Low density foams are categorized by their weight per unit volume (measured in pounds per cubic foot, or PCF). Many foam manufacturers will list their foam materials based on their density. Different foams will be considered low density based on their PCF. For some types of foam, 3 PCF or less will be considered low density, while for other foams, a 1.5 PCF may be the cutoff point to be considered low density. It depends on the type of foam you are working with.
What exactly are low density foams, and how and where are they used?
Low-Density Foams Are Light and Soft
Low density foams are most known for their softness, making them ideal for packaging applications that involve lightweight products that need a softer, less abrasive form of foam protection. Because low density foams will compress under heavy stress, they are not generally ideal for protecting heavy or dense items. However, they do offer a good amount of stability at a low density and weight, meaning they are better used as packaging infill for items that are delicate. Low density foams are a great way to package materials without increasing the weight of the package, saving on shipping costs.
Low Density Foams Are Good Insulators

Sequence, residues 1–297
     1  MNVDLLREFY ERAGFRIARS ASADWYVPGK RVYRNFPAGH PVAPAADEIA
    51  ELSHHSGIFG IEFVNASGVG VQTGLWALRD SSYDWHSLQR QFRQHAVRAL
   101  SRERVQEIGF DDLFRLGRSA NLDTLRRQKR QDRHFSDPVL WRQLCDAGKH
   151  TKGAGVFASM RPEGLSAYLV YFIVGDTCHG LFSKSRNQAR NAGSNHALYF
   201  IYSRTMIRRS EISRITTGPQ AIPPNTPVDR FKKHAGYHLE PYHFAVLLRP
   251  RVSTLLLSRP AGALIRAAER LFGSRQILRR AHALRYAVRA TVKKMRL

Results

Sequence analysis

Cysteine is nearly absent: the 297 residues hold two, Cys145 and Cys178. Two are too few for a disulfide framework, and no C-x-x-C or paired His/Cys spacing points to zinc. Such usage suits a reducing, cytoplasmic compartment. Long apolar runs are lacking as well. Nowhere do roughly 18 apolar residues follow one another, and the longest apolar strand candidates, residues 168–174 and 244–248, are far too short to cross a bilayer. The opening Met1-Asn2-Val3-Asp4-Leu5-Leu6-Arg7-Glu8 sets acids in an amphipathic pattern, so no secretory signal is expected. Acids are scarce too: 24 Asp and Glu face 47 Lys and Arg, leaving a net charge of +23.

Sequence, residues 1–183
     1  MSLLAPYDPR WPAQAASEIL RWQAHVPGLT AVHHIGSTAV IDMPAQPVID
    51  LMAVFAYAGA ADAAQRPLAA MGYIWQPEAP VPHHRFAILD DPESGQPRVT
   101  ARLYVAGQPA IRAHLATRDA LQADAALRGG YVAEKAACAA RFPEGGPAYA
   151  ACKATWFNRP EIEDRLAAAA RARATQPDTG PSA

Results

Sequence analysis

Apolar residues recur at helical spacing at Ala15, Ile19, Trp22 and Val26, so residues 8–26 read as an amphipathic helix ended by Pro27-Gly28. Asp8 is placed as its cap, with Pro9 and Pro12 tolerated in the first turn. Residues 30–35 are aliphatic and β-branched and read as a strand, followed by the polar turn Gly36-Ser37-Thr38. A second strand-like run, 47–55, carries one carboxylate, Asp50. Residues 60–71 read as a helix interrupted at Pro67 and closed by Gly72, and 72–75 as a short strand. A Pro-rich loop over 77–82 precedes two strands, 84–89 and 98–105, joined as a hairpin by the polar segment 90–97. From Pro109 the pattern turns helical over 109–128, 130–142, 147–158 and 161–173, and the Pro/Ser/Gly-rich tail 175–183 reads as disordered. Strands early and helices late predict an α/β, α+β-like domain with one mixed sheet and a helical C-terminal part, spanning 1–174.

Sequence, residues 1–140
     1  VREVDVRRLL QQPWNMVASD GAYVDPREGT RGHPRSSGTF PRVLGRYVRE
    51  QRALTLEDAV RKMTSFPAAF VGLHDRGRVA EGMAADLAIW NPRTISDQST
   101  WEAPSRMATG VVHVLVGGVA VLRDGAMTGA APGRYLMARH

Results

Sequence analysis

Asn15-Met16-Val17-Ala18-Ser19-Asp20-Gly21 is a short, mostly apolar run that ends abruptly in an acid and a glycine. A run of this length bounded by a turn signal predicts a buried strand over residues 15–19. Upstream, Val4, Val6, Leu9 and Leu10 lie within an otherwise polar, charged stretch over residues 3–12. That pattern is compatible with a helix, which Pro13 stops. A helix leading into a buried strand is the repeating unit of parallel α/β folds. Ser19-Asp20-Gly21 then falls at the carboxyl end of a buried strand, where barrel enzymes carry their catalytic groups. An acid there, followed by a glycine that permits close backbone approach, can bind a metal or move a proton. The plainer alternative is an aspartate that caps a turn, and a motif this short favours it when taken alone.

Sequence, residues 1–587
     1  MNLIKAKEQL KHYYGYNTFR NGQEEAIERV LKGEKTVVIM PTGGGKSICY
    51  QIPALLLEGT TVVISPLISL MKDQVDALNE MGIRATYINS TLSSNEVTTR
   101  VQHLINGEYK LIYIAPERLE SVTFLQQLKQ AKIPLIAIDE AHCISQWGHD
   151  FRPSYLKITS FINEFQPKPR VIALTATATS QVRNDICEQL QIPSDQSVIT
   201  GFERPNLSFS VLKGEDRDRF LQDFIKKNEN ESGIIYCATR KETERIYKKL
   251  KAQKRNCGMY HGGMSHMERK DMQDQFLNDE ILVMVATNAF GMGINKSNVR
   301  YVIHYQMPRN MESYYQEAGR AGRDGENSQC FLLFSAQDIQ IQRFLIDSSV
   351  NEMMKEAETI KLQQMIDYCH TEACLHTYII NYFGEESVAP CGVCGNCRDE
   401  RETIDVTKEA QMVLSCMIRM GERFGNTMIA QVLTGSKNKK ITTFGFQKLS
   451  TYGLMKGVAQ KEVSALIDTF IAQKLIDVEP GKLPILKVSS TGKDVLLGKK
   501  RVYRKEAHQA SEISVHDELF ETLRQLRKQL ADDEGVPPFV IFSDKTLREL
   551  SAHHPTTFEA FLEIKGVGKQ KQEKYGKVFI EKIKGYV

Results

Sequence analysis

Low density foams are also known for their low (lambda) λ-values, which makes the material an excellent thermal insulator. Since low density foams insulate well, they are often used as cavity fillers and pipe insulation. Low density foams do generally insulate better but be cautious when choosing a foam for this purpose. Once the density reaches a low point, the foam begins to lose its insulation capability.
Low Density Foams Can Be More Affordable
Because they are easy to cut, shape, and handle, low density foams tend to be simpler and more affordable to fabricate. This makes using them more cost-efficient for many applications, provided they can provide the protection that is required. They can help manufacturers reduce the costs of their products, particularly when they are used in foam mattresses and other cushioning applications.
When to Use Low Density Foams
Low density foams are ideal for applications that require:
- High water and chemical resistance
- Buoyancy (marine foam)
- Good energy absorption
- Good cushioning
- Dielectric strength
- UV resistance
When to Use High Density Foams
Low density foams are not ideal for every application. You may be better off using a high density foam if your application requires:
- Higher compressive stress resistance (better for support)
- More tensile strength and tear strength
- Better viscoelasticity (it retains its shape better)
Need a low-density foam like polyethylene (or any other) for your application? We can help you find and fabricate the right material. Get in touch with the foam experts at Amcon today.